UECA Implementing Regulations Proposed
Pennsylvania's Uniform Environmental Covenants Act ("UECA") requires a party relying on engineering or institutional controls to demonstrate compliance with the Land Recycling and Environmental Remediation Standards Act ("Act 2") or Storage Tank and Spill Prevention Act ("Tank Act") to document those controls in a UECA covenant. UECA also applies retrospectively, such that any existing instrument that imposes engineering or institutional controls to demonstrate compliance with Act 2 or the Tank Act must be converted to a UECA covenant by February 2013. Now entering its third year of existence, UECA continues to generate questions and concern from the regulated community. On March 6, 2010, the Pennsylvania Department of Environmental Protection ("PADEP") published proposed regulations to implement UECA. A 30-day public comment period on the proposed regulations will close on April 5, 2010.
According to the preamble to the proposed regulations, PADEP has attempted to tailor parts of the regulations to clarify certain ambiguities in UECA. The proposed regulations do clarify which instruments will need to be converted to a UECA covenant and who must perform that conversion, and the regulations also provide a means to defer that conversion until the property is subsequently transferred. The regulations also specify that PADEP will not impose additional obligations on the property as part of the conversion.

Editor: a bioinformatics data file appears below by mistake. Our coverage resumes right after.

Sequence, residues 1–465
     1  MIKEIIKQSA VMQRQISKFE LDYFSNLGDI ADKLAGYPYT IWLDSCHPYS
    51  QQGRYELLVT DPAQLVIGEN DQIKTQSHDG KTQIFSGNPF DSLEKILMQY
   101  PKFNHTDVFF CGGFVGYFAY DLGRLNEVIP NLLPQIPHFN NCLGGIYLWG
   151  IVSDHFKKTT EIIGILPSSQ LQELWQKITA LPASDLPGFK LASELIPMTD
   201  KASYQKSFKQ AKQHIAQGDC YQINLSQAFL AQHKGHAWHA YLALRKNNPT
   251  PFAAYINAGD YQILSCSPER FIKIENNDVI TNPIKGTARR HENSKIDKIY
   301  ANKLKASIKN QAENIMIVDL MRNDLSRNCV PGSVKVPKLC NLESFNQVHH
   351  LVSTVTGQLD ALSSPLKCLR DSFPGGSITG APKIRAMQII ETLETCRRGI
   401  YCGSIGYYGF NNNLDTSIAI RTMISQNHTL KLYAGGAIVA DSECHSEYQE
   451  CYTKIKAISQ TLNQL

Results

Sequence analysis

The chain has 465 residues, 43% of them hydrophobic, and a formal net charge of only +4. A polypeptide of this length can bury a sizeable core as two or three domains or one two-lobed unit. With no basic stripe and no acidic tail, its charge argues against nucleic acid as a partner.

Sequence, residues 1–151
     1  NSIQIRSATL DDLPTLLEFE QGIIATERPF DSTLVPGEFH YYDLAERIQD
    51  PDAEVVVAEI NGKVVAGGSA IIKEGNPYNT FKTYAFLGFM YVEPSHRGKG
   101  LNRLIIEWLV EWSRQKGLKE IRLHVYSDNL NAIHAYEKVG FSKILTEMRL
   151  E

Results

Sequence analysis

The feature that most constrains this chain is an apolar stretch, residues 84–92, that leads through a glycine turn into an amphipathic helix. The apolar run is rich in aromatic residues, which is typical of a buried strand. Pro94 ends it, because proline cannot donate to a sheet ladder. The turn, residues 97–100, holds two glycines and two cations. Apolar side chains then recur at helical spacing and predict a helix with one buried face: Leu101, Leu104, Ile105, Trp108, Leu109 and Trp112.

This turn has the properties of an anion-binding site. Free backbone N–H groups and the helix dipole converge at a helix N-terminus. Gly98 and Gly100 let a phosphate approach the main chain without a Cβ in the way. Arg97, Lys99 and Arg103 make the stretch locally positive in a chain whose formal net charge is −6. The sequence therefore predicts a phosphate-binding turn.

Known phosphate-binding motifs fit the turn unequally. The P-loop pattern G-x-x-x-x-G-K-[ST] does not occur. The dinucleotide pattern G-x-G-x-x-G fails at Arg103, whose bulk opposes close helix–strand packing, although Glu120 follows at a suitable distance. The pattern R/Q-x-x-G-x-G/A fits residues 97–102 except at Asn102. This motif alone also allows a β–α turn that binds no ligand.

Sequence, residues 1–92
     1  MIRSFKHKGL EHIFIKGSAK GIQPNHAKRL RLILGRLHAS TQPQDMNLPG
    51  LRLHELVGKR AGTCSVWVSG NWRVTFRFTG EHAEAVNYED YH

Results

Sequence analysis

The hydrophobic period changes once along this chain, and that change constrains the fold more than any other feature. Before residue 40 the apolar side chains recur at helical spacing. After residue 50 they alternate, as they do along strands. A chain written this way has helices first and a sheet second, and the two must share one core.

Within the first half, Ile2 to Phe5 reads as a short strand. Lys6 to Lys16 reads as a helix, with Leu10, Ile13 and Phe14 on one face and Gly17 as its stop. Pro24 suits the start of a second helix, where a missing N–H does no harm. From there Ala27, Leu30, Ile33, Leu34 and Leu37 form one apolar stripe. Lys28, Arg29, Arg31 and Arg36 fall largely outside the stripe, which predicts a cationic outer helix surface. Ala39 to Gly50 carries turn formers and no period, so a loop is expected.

However, the proposed regulations also appear to create a host of new issues by: (1) requiring that the UECA covenant generally be submitted at least 30 days before the submission of the final report documenting the remedial activities, even though the content of the UECA covenant is typically dependent upon what is in that final report and cannot be finalized in advance; (2) requiring the use of PADEP's model UECA covenant, even though the current model covenant includes content that is not required under UECA; and, (3) requiring the submission of a list of the occupants of, and those with a recorded interest in, the property - a requirement that is not established by UECA. In addition, other important issues have not been addressed in the proposed regulations. For example, because PADEP can require each current owner of the property to execute the covenant, the need to enact a UECA-compliant covenant has been problematic for sites that have been remediated and subsequently subdivided and conveyed to multiple new owners.